New Orleans Best of Dining 2012
Top Places, People and Discoveries
(page 2 of 9)
Restaurant of the Year | Restaurant R’evolution
A new order in dining
When Alfred Groos returned to New Orleans in April 2006 to take the position of general manager at the Royal Sonesta Hotel, he brought a vision for the property. Groos had been the director of food and beverage at the hotel before pursuing other opportunities, and he had a sense that the hotel could be more than it was. He wanted to make every aspect of the hotel match the building’s beautiful architectural elements, so that guests would have a truly authentic New Orleans experience.
His first step was to open Irvin Mayfield’s Jazz Playhouse, making the hotel a destination for New Orleans’ indigenous music. He then opened a PJ’s Coffee Café in the hotel’s lobby; another hometown staple. His most significant contribution, however, was to dramatically change the hotel’s dining scene. In 2010, chefs John Folse and Rick Tramonto first announced their partnership and their plans to open Restaurant R’evolution in the Royal Sonesta. It seemed an odd pairing at the time, but R’evolution, which debuted in June of this year, is the most important restaurant to open in New Orleans in the last decade, if not longer.
Chef John Folse is a native of Louisiana. He was born in St. James Parish in 1946, and his flagship restaurant, Lafitte’s Landing, made him a name both locally and nationwide. Folse is an evangelist for Louisiana cuisine and has taken rustic cooking to new levels of sophistication.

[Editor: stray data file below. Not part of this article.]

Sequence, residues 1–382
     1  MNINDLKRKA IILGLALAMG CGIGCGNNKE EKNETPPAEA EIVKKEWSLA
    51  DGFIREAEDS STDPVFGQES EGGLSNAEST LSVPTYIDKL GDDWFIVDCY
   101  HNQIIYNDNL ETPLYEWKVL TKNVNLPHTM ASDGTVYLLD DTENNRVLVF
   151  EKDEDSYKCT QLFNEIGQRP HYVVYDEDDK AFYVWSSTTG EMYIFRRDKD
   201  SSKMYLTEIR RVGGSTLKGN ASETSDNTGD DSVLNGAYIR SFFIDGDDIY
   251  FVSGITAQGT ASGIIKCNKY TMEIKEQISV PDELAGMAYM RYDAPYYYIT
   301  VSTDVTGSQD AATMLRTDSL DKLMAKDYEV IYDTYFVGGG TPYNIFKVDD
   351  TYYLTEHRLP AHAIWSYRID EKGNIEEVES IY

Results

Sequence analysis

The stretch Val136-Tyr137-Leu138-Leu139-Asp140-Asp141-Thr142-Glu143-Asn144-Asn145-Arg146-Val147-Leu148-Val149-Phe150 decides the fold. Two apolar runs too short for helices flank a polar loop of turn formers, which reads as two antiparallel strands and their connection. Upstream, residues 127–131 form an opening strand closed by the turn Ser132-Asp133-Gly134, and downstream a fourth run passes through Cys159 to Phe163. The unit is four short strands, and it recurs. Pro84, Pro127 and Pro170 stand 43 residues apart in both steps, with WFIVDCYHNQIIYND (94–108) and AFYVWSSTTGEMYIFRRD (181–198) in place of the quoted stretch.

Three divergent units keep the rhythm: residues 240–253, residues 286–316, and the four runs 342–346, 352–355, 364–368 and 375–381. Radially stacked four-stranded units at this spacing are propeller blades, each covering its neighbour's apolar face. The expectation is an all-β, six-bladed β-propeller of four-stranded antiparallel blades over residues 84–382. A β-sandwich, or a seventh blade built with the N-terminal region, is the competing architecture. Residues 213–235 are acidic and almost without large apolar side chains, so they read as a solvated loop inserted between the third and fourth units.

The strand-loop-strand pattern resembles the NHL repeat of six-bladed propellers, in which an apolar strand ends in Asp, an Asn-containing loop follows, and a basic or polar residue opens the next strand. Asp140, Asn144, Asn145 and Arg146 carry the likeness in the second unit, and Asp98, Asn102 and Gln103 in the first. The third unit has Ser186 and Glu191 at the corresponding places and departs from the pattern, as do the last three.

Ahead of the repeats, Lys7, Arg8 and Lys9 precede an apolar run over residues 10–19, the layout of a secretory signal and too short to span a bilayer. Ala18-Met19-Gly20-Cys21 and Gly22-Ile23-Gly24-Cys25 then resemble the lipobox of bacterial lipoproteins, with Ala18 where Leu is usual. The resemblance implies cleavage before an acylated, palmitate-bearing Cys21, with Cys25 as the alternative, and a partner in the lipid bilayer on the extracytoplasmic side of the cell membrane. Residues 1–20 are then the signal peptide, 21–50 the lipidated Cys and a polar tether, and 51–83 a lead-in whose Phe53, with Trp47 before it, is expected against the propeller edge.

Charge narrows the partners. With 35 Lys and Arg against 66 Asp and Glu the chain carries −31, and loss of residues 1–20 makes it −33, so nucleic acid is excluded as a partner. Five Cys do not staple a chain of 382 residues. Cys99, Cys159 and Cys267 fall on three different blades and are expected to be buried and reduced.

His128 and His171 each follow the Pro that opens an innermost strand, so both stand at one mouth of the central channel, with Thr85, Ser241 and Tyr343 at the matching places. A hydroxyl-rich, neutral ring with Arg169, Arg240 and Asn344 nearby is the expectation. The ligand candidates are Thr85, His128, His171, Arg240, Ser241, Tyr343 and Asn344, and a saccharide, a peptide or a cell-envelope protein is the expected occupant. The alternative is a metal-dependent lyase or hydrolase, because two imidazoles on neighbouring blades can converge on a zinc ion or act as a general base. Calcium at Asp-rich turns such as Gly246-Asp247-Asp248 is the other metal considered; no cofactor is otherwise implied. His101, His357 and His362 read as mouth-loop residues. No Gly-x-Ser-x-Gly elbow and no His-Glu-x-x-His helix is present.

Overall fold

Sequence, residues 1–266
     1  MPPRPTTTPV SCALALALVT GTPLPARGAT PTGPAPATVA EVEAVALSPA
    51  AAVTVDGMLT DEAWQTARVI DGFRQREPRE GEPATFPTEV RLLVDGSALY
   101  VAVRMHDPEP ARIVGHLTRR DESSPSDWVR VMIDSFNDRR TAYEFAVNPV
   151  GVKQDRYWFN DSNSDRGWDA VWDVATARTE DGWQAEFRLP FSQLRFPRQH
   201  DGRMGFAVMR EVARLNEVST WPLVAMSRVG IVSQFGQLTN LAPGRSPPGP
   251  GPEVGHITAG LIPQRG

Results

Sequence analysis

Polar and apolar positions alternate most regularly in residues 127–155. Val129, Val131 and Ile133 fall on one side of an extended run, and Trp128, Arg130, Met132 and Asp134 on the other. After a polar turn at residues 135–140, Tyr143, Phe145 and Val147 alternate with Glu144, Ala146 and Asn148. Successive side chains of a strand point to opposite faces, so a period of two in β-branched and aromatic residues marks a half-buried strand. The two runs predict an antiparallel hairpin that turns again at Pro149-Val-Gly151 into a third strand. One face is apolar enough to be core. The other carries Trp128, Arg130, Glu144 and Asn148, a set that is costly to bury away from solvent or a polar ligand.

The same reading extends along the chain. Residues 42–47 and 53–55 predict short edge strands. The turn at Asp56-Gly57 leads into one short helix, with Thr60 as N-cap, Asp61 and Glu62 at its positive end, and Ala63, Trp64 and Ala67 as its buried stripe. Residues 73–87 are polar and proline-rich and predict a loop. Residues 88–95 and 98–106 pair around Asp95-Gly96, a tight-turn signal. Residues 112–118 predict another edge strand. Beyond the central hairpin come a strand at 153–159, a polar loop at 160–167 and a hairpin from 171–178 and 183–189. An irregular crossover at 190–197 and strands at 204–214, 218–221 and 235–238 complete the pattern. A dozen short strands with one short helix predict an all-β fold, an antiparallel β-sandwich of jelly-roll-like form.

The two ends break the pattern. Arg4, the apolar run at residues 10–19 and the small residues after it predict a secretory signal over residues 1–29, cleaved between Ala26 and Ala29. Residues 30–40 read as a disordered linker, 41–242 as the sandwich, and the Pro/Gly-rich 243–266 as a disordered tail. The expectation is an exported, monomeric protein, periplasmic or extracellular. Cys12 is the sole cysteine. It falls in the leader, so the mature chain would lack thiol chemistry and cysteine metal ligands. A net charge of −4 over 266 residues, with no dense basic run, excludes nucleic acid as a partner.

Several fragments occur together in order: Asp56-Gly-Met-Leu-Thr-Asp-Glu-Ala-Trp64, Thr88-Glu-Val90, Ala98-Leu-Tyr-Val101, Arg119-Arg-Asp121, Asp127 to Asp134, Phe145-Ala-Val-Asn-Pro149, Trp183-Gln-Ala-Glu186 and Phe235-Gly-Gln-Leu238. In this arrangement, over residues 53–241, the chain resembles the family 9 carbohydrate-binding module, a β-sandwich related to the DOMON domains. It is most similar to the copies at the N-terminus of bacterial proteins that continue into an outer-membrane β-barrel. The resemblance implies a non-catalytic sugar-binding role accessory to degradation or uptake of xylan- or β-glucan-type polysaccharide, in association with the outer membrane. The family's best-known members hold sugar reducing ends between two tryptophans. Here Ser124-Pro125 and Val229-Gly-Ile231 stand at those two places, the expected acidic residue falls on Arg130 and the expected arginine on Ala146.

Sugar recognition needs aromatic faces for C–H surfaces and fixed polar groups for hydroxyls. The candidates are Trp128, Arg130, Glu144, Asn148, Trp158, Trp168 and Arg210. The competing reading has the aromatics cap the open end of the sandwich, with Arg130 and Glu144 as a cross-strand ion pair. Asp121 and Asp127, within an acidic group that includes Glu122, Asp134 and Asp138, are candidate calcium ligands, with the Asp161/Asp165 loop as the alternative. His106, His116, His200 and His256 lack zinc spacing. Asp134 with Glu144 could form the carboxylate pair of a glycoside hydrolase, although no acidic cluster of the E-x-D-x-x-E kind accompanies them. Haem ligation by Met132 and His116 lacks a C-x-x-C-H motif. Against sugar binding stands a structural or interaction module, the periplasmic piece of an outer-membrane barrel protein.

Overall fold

Chef Rick Tramonto was born in New York, and began his career in the restaurant industry out of necessity. He left high school in 1977 to work at a Wendy’s Old-Fashioned Hamburger chain, but thereafter his resumé includes stints at some of the best restaurants in the country, including Tavern on the Green; Gotham Bar & Grill; Aurora; Trio; and ultimately the restaurant for which he is best known, Tru. These two chefs don’t obviously go together, but then again they almost certainly called the person who came up with the peanut butter and jelly sandwich insane, so there you go. In retrospect, it’s a brilliant pairing for a restaurant that aims to both pay homage to and reinvent classic Creole and Cajun cooking.